Ollantaytambo is a town and archaeological site located at the northern edge of the Sacred Valley. It was a military, religious and agricultural center. At the time of the Spanish conquest of Peru, it was a stronghold for the Inca resistance and is the only Inca town that is still inhabited.
Inca Town of Ollantaytambo
Ollantaytambo is a town and Inca archaeological site situated at the northern end of the Sacred Valley of the Incas (Urubamba Valley), along the Patakancha River, at an altitude of 2,792 m (9,160 ft) asl. Located within the Cusco (often spelled "Cuzco") region of southern Peru, it is the only Inca town that is still inhabited.
The main settlement is located on the left margin of the Patakancha River with a smaller compound called "Araqhama" on the right margin. The main Inca ceremonial center is located beyond Araqhama on a hill called Cerro Bandolista. Several Inca structures are in the surrounding areas.
According to the Quechua culture, the name comes from 'Ollanta,' the name of an Inca captain protagonist of the Quechua drama 'Ollantay.' The Spanish derivation of the Quechua word 'Tambo' means "city that provides accommodation, food or comfort for travelers."
Built around the middle of the 15th century, Ollantaytambo has some of the oldest continuously occupied buildings in South America. Once a stronghold of Inca resistance to Spanish colonization, it is remarkably well preserved.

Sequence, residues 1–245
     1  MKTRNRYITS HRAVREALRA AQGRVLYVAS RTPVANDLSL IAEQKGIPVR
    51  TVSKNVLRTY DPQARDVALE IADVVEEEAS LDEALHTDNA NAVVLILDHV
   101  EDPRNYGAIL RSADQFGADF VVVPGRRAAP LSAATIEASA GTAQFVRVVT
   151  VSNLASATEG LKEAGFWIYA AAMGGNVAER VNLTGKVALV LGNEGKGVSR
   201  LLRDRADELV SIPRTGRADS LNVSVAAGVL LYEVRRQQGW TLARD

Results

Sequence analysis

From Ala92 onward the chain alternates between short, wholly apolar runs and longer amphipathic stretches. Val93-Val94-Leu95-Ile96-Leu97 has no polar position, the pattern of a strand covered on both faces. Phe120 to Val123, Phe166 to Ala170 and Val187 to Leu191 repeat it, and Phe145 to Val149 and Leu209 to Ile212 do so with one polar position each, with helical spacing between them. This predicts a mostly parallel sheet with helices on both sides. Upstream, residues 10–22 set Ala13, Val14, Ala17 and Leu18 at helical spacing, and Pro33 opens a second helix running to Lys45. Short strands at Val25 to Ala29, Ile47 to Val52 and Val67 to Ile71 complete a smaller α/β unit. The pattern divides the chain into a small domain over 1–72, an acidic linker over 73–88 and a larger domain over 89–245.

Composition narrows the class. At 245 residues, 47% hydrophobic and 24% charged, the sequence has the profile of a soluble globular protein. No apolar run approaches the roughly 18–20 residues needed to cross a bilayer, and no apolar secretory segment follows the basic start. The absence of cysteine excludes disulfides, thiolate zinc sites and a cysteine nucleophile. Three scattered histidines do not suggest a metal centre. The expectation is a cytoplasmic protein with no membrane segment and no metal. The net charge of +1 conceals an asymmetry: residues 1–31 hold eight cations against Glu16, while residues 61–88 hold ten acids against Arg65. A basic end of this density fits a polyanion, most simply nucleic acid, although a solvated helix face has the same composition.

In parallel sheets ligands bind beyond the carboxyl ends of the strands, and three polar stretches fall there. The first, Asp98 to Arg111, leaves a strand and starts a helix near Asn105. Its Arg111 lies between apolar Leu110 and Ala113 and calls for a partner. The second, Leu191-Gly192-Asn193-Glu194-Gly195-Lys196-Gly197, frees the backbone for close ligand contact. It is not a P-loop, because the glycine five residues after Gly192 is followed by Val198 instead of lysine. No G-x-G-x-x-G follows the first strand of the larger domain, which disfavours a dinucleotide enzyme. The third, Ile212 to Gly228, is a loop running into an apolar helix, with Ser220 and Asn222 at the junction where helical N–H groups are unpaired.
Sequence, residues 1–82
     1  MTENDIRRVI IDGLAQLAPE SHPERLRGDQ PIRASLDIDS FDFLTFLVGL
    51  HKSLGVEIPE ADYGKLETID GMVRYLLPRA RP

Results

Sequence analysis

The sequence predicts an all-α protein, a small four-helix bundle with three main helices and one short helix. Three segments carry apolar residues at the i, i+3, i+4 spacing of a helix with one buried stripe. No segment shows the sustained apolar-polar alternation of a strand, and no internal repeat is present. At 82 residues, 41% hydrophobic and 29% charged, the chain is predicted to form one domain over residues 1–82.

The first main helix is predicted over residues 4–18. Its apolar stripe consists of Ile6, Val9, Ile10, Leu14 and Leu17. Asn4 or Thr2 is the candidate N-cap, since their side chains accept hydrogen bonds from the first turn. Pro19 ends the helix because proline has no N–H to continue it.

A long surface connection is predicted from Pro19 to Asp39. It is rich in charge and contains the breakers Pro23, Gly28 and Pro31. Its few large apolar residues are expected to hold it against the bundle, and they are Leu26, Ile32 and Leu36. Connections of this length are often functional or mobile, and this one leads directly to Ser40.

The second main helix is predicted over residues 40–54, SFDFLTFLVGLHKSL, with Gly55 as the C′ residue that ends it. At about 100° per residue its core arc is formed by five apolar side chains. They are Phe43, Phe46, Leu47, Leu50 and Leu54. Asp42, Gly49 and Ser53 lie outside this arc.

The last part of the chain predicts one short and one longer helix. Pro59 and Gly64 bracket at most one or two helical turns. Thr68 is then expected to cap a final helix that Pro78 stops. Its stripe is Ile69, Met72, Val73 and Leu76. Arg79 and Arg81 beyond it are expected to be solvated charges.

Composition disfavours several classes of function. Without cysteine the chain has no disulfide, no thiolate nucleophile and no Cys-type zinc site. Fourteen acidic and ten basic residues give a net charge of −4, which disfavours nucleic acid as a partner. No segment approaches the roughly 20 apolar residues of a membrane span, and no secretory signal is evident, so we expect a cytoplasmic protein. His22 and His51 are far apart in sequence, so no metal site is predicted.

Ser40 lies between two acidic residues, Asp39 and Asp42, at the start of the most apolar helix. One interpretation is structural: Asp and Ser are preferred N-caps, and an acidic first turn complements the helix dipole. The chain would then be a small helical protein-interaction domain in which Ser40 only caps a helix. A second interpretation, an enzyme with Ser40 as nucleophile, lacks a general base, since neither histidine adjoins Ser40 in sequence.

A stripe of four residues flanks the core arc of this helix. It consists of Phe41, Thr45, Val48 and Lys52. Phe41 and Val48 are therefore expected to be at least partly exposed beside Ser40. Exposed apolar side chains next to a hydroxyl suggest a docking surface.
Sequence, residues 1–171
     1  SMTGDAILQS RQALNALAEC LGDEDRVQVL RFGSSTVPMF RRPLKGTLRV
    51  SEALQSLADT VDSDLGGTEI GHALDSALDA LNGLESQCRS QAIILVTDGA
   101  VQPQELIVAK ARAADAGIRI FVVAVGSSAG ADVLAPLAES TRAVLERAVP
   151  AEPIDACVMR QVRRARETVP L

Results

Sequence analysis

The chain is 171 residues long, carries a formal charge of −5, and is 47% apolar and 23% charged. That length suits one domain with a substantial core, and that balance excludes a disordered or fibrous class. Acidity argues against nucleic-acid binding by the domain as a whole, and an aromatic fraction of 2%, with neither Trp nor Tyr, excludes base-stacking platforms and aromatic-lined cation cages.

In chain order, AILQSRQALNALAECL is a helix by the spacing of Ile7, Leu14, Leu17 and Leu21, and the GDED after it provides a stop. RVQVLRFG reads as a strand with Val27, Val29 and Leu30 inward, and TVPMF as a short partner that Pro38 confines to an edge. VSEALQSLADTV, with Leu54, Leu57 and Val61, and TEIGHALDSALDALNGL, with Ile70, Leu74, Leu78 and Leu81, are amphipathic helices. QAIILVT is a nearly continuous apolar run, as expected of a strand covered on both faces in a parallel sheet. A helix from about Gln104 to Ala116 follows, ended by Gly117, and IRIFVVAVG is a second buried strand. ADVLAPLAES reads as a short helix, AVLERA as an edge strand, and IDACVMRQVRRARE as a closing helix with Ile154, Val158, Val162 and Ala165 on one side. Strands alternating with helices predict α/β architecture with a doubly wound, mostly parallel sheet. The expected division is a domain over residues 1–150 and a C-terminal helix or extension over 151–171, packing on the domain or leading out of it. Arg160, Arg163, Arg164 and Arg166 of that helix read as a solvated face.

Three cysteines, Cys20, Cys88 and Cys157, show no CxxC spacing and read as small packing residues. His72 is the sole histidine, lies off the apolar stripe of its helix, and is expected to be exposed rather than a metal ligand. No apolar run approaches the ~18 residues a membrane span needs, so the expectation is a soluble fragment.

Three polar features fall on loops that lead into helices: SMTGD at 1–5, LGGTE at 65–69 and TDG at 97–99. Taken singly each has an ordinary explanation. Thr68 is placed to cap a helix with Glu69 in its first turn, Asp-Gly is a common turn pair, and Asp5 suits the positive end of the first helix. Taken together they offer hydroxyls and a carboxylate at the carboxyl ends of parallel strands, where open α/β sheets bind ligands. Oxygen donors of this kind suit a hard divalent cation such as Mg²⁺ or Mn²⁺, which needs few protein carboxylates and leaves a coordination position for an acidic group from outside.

During the Inca Empire, Ollantaytambo was the royal estate of Emperor Pachacuti, who conquered the region and built the town, extensive terraces and irrigation works as well as a ceremonial center.
Ollantaytambo was a military, religious and agricultural center. During the time of the Spanish conquest of Peru in the 16th century, the town served as a stronghold for Manco Inca Yupanqui, leader of the Inca resistance.
The main settlement at Ollantaytambo has an orthogonal layout with four longitudinal streets crossed by seven parallel streets. At the center of this grid, the Incas built a large plaza that may have been up to four blocks large; it was open to the east and surrounded by halls and other town blocks on its other three sides.
Notable parts of the town and archaeological site include:
- Temple Hill: a ceremonial center
- Terraces: stair-step like terraces dug into the slope of the hillside for agricultural purposes
- Storehouses: used to store the production of the agricultural terraces
- Quarries: provided building blocks for the city and ceremonial center
- Defense systems: to fend off Spanish attacks from Cusco and to defend the road to Machu Picchu
- Old town: cobblestones line the perfect rectangular grid of narrow streets